Low-dose oral vitamin K to normalize the international normalized ratio prior to surgery in patients who require temporary interruption of warfarin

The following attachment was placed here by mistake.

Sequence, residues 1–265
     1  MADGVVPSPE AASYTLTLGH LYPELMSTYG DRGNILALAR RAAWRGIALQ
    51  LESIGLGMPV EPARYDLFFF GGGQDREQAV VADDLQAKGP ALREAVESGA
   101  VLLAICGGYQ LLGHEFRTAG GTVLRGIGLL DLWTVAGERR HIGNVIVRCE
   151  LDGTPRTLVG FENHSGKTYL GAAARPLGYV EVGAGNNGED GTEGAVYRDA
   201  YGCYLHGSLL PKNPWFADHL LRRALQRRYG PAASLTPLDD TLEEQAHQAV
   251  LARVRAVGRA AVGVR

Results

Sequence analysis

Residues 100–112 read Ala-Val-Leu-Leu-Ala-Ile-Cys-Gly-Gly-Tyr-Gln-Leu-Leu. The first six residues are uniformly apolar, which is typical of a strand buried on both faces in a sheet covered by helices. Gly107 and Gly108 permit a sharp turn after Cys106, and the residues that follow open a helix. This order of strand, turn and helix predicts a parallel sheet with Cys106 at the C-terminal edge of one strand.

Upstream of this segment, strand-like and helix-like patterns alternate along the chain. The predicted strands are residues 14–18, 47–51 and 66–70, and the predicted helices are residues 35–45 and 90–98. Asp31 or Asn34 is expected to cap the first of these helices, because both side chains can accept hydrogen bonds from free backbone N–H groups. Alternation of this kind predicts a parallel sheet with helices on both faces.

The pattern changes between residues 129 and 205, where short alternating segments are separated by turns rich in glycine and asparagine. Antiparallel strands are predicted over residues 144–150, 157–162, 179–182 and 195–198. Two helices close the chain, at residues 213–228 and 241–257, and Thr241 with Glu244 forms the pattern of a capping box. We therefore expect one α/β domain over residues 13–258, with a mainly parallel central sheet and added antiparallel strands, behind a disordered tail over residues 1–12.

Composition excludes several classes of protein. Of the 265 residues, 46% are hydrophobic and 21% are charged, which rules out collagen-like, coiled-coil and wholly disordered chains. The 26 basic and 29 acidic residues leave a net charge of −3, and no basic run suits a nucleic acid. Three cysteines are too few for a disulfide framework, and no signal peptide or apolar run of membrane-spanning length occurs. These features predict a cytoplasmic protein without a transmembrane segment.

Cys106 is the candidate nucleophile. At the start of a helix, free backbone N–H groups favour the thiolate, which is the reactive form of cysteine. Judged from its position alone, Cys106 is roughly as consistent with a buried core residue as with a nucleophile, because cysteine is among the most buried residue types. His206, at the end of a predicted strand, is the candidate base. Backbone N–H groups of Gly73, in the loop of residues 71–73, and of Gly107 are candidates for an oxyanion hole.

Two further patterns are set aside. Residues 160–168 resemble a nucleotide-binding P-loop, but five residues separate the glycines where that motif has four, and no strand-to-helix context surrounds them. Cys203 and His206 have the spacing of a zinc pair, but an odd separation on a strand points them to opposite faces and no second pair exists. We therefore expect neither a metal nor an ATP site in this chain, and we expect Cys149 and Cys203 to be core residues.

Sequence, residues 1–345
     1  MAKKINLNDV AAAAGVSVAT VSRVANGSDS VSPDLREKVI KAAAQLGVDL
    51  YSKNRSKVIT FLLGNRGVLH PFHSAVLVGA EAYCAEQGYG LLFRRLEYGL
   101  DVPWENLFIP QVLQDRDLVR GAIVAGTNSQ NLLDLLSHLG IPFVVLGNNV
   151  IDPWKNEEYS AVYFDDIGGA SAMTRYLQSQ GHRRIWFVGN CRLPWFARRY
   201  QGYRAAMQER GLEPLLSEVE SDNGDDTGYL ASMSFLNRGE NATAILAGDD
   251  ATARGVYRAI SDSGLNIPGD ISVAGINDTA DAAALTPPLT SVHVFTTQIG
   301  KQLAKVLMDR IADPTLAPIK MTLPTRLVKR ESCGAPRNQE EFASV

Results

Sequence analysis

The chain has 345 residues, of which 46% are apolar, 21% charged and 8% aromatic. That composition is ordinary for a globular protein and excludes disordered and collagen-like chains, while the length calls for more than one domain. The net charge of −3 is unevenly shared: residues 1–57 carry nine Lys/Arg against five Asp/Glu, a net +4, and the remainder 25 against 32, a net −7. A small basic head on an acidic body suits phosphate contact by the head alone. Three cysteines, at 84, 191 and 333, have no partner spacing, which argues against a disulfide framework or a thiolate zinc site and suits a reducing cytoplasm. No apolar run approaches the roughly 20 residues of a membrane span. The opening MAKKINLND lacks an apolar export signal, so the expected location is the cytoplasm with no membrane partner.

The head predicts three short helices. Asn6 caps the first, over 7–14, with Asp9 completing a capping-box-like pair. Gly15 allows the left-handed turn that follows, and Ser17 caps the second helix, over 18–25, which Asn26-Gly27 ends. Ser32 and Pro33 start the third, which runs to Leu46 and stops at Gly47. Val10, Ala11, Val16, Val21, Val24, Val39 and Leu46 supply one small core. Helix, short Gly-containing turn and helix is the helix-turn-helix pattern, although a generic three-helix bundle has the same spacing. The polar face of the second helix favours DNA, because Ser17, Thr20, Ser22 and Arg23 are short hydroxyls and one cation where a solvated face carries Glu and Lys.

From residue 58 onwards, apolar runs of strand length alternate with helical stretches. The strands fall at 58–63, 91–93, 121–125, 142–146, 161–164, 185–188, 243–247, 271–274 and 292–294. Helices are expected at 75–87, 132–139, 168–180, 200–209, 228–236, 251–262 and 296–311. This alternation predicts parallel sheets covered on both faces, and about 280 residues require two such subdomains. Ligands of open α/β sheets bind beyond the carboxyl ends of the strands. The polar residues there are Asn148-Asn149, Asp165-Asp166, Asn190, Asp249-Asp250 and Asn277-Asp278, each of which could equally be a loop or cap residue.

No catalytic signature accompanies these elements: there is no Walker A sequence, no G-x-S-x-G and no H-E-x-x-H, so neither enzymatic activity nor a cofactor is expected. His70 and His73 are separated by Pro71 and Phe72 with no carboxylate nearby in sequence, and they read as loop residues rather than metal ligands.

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BACKGROUND: In patients who require warfarin interruption before surgery and have an elevated international normalized ratio (INR) before surgery, low-dose vitamin K may normalize the INR in time for surgery. PATIENTS AND METHODS: In a retrospective cohort study, we assessed the efficacy of 1 mg oral vitamin K to normalize the INR for surgery and whether resistance to re-anticoagulation occurs when warfarin is restarted after surgery. We studied a cohort of patients with an INR 1.4-1.9 on the day before surgery who received 1 mg oral vitamin K (vitamin K group), and a comparator group of patients with a normal INR (< or = 1.3) on the day before surgery who did not receive vitamin K (no vitamin K group). In both patient groups, we determined the proportion of patients with a normalized INR on the day of surgery and compared the mean INR after surgery when warfarin was resumed. RESULTS: Of 43 patients in the vitamin K group, the INR was normalized (< or = 1.3) in 33 patients (76.6; 95% confidence interval [CI]: 64.1-89.4), and the INR was normal or near-normal (< or = 1.4) in 39 patients (90.7; 95% CI: 82.0-99.4) on the day of surgery. The mean (standard deviation) INR in the vitamin K and no vitamin K group 4-8 days after surgery was 1.75 (0.34) and 1.59 (0.36), respectively (P = 0.56). CONCLUSIONS: In patients requiring interruption of warfarin for surgery, 1 mg oral vitamin K on the day before surgery can normalize the INR by the day of surgery and may not confer resistance to warfarin re-anticoagulation after surgery.
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